Posts from Saturday 27 Sep

Martha Wainwright & Jonathan Dove

Martha Wainwright and Jonathan Dove
Martha Wainwright and Jonathan Dove on the front deck of the Grigoriy Mikheev as we head North towards Disko Bay.

Danger, Danger: High Voltage

Carol explains the kit she’ll be using during the voyage – the sparker unit – which uses acoustic pulses to image the sea bed and sediments below the sea bed. The ship’s acoustics leads to some initial frustration, followed by success!


The science container (no toothbrushes)

The good news on reaching the Grigory Mikheev, our home for the next 10 days, was that it was the BGS container that made it on-board, and not one full of toothbrushes (my recurring nightmare of the past week or so), and it was dry inside and not flooded (Dave Smith’s recurring nightmare of the past week!) The bad news is that as we steam up the fjord from Kangerlussuaq, western Greenland, there is a Force 6 south-westerly waiting for us at the mouth of the fjord – 4 hours and counting until we start rolling around! I’m starting to spot a theme here after last year’s “rough seas” Cape Farewell Expedition across the Greenland Sea!
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Seasickness can’t stop us

When music star Feist signed up to be on the expedition, she said that it sounded like “summer camp” for kids. Although I never attended summer camp as a child. I imagine this must be what it’s like.

Or perhaps it’s more like MTV’s The Real World: The Arctic. Forty-six strangers picked to live together at the top of the world aboard a Russian Sea Vessel. And when the sea stops being polite, suddenly it stars getting real. Hey, we are even being filmed (though for the Sundance Channel and not music television).

Last night the waters began getting rough. In fact, I am writing this blog entry with blurred vision.
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Julian Stair on sea watch

Julian Stair on birds and renewable energy sources. Audio by Vicky Long.

Night Storms

There’s forty six passengers, nineteen Russian crew, three international expedition staff and three international hotel and catering staff. It was stormy last night. The Gregory Mikheev, all two hundred and ten feet of her, tilted and bobbed like a jack- in-a-box. At twelve and an half knots she crashed through the night sky, a shadow cutting through a shadow, lighthouse spills midnight truths from the ragged coast. Morning breaks through and there’s no sea sickness, only wonder.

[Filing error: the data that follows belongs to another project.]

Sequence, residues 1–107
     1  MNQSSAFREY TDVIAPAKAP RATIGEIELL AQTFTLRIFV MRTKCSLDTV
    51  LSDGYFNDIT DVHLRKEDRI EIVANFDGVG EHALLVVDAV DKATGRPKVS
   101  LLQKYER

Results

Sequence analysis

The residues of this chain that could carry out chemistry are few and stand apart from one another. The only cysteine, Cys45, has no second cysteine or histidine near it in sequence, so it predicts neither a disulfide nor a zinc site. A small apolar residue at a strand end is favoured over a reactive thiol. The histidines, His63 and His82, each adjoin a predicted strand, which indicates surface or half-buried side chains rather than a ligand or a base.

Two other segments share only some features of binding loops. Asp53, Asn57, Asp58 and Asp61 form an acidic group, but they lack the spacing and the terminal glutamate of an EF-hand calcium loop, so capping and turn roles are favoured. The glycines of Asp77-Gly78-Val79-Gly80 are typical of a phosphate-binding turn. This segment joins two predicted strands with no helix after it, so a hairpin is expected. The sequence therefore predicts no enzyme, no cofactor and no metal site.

Arrival and unpacking

Preparation, preparation

Hello all, sorry for being quiet since our arrival in Greenland, but we’ve been working hard on trying to extract data from our CTD. Even after many hours sitting in a container battling with a computer we’ve not yet managed to get any data out of it. Rewinding slightly…

It was fantastic to see the old faces of last year’s Noorderlight trip at the airport on Thursday evening and to meet the rest of the crowd on the expedition. The Iceland flight was delayed somewhat, but with all the excitement we didn’t really notice! On Friday we were delivered to Greenland in style with our very own charter of a Fokker 50 aeroplane, delivered to the port in less style on an ancient bus, and ferried to the ship in zodiac inflatables, finally arriving at 4pm GMT, 5pm British summer time, 4pm Iceland time and 2pm Greenland time. There was so much confusion over what time we were working on that each room on board ended up being in a different time zone! The ship is great and so is its crew. To us scientists it’s much more like we’re used to in our research, just without the winches!! That afternoon/evening we were welcomed aboard, had our safety briefings and set about unpacking as we steamed out of the fjord.